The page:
Herman Miller researchers found people engaged in ten key behaviors: three Alone (Process/Respond, Contemplate, Create) and seven Together (Chat, Converse, Co-Create, Divide/Conquer, Huddle, Show/Tell, Warm Up/Cool Down). The research offers detailed, compelling definitions for each, such as, “Divide & Conquer…a team with a common goal finds it valuable to work on individual components of a project while maintaining close proximity to one another. Working in parallel helps resolve issues quickly and enables spontaneous collaboration. Developments and content are shared among the group as the goal is reached.” With thorough understanding of the behaviors and needs of a given department, team, and individual, Herman Miller believes it can help customers create potent workplace settings that enhance individual engagement and organizational performance.
Living Office provides 10 unique settings optimized to support specific work modes, including Haven, Hive, Jump Space, Clubhouse, Cove, Meeting Space, Landing, Workshop, Forum and Plaza. Like modes, the settings offer specific office design solutions, “Landing…adjacent to Meeting Spaces or Forums. Prior to a meeting it provides a gathering space for attendees. After, the visual link between the landing and its meeting space aids memory and helps drive work in this setting. Furniture and tools that welcome a brief gathering enhance the utility of each Landing.” Each of the ten settings are distinct in purpose, scale, and social support, and can be designed in great variety using a wide range of furniture.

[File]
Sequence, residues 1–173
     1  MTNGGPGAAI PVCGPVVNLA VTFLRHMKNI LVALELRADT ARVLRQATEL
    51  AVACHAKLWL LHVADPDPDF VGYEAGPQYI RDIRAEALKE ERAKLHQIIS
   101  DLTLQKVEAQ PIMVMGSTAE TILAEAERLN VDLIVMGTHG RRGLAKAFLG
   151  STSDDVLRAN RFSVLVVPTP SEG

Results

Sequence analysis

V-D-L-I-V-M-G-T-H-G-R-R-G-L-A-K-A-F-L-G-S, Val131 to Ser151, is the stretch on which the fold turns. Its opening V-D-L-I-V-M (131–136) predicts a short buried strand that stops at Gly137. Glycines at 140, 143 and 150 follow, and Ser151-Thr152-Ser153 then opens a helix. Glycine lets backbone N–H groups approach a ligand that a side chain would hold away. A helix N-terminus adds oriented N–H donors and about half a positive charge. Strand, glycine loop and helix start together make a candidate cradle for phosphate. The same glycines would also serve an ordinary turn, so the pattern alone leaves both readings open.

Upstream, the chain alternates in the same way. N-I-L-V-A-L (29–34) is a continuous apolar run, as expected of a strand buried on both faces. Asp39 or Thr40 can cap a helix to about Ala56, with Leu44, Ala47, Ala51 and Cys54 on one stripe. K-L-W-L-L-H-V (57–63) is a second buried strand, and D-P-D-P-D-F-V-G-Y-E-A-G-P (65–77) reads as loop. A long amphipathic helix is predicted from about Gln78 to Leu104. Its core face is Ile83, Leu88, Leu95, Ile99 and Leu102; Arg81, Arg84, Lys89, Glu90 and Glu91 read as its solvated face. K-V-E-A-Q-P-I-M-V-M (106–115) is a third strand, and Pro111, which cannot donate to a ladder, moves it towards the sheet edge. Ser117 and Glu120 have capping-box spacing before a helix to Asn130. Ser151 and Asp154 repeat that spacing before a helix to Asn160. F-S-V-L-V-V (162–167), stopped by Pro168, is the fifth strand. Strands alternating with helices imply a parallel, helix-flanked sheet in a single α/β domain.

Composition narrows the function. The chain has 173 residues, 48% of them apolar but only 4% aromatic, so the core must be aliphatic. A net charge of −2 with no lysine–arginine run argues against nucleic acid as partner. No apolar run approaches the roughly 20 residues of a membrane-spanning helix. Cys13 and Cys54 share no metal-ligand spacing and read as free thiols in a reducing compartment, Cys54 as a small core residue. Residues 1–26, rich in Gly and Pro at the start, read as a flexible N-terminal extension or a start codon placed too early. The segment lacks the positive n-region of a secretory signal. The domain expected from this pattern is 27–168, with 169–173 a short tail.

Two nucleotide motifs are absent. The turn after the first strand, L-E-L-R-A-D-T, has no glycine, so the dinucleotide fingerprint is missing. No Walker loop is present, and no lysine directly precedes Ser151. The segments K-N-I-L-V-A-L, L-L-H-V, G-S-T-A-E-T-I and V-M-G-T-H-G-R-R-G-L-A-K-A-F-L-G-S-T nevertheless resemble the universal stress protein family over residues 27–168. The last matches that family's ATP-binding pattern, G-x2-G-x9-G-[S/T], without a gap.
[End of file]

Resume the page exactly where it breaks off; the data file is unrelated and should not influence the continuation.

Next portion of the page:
Composed from a bespoke selection of settings, Living Office landscapes bring an organization’s workplace strategy to life, enabling talent to thrive through choice and community. In a Living Office, people will have real options and know where to go for their personal and group needs and wants.
In early 2014 Herman Miller will offer major new furniture platforms to complement Living Office settings and landscapes, creating diverse new experiences of work and workplace. From high performance seating that promotes health and comfort, to adaptable systems, to timeless classics in the Herman Miller Collection, a remarkable range of solutions will serve each Living Office.
In the new landscape of work, creativity and problem-solving drive value and humanity is the distinguishing capability. Processes don’t create products, solve problems or build relationships – people do. Offices attract and retain talent to drive performance, and bring strategy to life, giving individuals something they can find nowhere else: personal connection to work and colleagues; places of greater productivity and performance; and a more naturally human, satisfying experience. This is Herman Miller’s Living Office vision – helping organizations and people to customize their places of work to express and enable shared character, purpose, and ultimately, greater prosperity for all.